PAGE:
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Edward Bawden’s scrapbooks of life

Bus tickets, cigarette cards, letters and exhibition flyers are delightfully juxtaposed in Bawden’s albums — and every page raises a smile

2 July 2016

9:00 AM

2 July 2016

9:00 AM

Edward Bawden: Scrapbooks Peyton Skipwith and Brian Webb

Lund Humphries, pp.208, £35

Such is the veneration in this country for the St Ives school of painters, it’s easy to forget that other art colonies existed, let alone thrived, in the mid-20th century: that in Great Bardfield, Essex, perhaps chief among them.

The village near Saffron Walden was home to the likes of John Aldridge, Kenneth Rowntree, Michael Rothenstein, Eric Ravilious and Edward Bawden (1903–89). Maybe it’s going a bit far to say there has been a resurgence of interest in this loosely affiliated group of figurative artists. But it’s certainly a welcome coincidence that, following the success of Dulwich Picture Gallery’s superb Ravilious exhibition last year, comes the publication of Bawden’s scrapbooks — assembled by him over 55 years and
reproduced in a single volume by his erstwhile dealer Peyton Skipwith, together with Brian Webb.

Many contemporary artists compile scrapbooks, but often these are carefully conceived works of art in themselves, their contents forming a deliberate whole and intended for display. Bawden’s scrapbooks, by contrast, were intended for his eyes only and are of a more amateurish, traditional kind. We duly come across bus tickets, coin rubbings, cigarette cards, newspaper
cuttings and other ephemera.


Some of his juxtapositions are so quirky they border on the surreal: the wrapper for a tin of Portuguese sardines shares a page with the ink sketch of a girl’s doll. A photograph of the England cricket team on board SS Liverpool bound for Australia appears beside a note from a friend thanking Bawden for the ticket to a flower show, and a flyer for the exhibition of Picasso’s ‘Guernica’ at New Burlington Galleries in 1937.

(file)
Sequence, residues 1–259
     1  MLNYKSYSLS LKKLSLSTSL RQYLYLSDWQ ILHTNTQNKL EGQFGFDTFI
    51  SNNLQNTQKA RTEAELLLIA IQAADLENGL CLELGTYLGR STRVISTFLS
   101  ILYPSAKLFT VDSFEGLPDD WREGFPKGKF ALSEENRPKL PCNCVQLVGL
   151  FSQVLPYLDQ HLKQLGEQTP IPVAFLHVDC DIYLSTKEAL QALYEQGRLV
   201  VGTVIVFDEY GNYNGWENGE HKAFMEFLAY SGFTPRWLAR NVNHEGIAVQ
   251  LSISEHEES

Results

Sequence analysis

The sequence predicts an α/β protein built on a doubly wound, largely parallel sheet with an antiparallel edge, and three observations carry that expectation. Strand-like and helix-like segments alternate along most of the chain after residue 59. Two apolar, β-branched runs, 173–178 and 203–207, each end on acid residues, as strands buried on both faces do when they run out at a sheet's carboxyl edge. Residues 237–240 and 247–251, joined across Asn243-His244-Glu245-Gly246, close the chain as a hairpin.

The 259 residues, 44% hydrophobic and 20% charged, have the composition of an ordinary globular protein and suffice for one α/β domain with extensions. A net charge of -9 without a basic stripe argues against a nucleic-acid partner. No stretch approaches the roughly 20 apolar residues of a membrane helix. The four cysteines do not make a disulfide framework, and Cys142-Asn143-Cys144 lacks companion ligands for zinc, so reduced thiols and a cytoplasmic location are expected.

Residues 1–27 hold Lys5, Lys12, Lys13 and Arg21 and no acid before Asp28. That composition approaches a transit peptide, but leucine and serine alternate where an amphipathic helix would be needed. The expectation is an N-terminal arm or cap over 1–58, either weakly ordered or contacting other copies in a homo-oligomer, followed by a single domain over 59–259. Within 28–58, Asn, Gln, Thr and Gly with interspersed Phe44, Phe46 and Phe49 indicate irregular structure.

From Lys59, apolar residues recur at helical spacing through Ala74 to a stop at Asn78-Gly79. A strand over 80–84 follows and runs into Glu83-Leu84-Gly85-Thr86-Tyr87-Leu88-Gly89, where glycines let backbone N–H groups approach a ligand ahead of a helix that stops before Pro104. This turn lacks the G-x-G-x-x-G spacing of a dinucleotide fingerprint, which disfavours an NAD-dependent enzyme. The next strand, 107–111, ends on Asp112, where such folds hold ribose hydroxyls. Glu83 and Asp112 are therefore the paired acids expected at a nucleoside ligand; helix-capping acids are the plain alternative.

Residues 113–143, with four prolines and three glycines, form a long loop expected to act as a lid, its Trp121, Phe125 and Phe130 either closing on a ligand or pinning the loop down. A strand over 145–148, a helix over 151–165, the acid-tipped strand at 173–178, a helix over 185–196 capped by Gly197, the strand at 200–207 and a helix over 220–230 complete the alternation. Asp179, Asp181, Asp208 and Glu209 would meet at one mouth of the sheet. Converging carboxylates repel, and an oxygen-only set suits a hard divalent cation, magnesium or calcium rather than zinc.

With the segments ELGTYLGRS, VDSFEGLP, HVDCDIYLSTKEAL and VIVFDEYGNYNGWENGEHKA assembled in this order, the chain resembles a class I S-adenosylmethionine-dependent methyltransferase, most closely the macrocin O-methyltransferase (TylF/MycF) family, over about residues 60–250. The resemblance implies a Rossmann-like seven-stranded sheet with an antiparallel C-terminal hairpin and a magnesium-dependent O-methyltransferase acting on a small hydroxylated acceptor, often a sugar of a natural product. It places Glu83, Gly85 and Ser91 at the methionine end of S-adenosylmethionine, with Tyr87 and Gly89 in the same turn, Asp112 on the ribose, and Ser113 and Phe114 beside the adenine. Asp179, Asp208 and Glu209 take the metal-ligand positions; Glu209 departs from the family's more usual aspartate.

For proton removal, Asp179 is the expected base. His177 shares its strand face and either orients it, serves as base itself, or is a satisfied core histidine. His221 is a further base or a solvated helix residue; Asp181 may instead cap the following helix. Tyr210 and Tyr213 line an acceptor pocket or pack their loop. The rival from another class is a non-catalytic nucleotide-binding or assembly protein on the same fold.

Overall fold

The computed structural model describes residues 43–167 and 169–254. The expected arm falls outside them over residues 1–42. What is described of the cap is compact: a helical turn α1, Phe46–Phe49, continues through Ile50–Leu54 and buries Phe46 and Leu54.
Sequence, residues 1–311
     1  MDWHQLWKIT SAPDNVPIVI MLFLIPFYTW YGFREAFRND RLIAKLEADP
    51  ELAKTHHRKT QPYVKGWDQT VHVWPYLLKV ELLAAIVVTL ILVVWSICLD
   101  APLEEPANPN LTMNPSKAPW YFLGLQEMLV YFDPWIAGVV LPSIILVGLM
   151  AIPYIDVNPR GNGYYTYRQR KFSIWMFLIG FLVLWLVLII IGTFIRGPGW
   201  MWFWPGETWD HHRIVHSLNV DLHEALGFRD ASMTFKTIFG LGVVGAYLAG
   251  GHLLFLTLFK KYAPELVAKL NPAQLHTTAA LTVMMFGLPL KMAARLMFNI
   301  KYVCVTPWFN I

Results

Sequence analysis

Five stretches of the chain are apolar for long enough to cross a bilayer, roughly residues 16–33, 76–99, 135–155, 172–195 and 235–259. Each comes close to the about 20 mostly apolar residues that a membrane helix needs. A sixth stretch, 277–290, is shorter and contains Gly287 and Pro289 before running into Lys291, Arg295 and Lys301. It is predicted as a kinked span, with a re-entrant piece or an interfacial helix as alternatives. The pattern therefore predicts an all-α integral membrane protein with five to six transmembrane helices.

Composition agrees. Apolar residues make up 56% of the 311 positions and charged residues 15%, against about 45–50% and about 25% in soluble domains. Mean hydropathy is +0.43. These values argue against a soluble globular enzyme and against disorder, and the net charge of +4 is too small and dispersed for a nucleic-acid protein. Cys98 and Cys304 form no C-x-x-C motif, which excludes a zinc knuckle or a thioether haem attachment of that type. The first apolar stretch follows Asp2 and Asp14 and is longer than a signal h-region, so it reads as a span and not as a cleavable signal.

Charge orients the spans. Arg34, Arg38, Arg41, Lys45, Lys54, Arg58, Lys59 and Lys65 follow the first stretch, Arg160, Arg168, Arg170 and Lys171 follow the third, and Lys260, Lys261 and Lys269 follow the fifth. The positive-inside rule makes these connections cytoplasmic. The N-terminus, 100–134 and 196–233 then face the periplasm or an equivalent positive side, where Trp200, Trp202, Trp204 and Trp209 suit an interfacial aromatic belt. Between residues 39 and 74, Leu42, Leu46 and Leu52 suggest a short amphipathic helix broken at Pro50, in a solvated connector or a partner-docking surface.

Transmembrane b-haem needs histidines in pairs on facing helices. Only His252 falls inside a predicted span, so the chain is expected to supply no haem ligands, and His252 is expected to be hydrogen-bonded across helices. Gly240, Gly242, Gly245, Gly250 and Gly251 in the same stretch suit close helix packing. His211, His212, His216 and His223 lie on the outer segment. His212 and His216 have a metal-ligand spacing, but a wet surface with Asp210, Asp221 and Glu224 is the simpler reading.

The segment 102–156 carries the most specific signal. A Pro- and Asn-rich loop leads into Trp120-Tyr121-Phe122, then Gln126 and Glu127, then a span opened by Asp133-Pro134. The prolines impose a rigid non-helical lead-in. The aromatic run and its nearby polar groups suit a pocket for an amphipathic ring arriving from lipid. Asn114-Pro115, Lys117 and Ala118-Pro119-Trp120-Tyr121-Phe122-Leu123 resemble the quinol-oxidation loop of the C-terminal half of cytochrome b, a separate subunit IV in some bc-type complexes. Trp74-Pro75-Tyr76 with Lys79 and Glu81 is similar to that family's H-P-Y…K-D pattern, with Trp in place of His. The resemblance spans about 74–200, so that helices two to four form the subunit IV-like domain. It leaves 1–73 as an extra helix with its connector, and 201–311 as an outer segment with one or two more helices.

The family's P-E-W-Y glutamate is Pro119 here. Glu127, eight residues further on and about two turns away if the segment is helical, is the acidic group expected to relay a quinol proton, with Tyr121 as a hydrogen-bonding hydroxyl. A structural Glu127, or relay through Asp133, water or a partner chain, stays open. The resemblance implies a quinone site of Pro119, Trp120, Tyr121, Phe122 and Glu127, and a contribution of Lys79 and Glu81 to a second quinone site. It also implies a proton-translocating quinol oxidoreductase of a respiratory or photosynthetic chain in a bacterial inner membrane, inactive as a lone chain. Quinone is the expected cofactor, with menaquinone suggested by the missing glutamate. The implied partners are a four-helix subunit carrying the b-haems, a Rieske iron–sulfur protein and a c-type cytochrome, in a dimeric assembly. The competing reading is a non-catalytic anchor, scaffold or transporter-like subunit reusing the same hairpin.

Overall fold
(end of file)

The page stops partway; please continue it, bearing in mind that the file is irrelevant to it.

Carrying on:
Bawden always insisted that, as an artist, good design was what mattered to him. He wasn’t interested in baring his soul on canvas, van Gogh-style. And the same can be said of his scrapbooks: there aren’t too many moments we meet the real, raw Edward. Indeed, when one comes along, it packs a surprise, emotional punch. A telegram announcing the death from cancer of his friend — and fellow Great Bardfield artist — Tirzah Garwood is pasted above the Christmas card she sent Bawden the year before, featuring her evocative engraving of snow-topped local farm buildings.

Letters abound in these pages, two in particular standing out. One, from the Lord Privy Seal in response to a note from Bawden critical of the government’s handling of the Suez crisis, contains the confession: ‘Although our aim was good, we may have failed — tragically failed.’ Another, a curiously unexplained letter from Buckingham Palace, thanks Bawden, on the Queen’s behalf, for the gift of a cot cover. The scrapbooks mix entries of purely personal and occasionally global significance throughout.

They function as a kind of diary, albeit one without chronological order (most of the entries being undated). It’s also unfortunate that the most fascinating period in Bawden’s life — when he was a war artist in Dunkirk and the Middle East, and later a POW in Casablanca — was one in which he (understandably) didn’t do any scrapbooking.

These pages won’t interest everyone. Indeed, apart from doodles of anthropomorphic ants and trial designs for the cover of Somerset Maugham’s novel The Razor’s Edge, there isn’t even much here to interest lovers of Bawden’s art. What we do get, though, is an insight into the world of a very English eccentric, engaged in what now seems a quaint and innocent pastime, scissors and glue in hand. Pretty much every page raises a smile.

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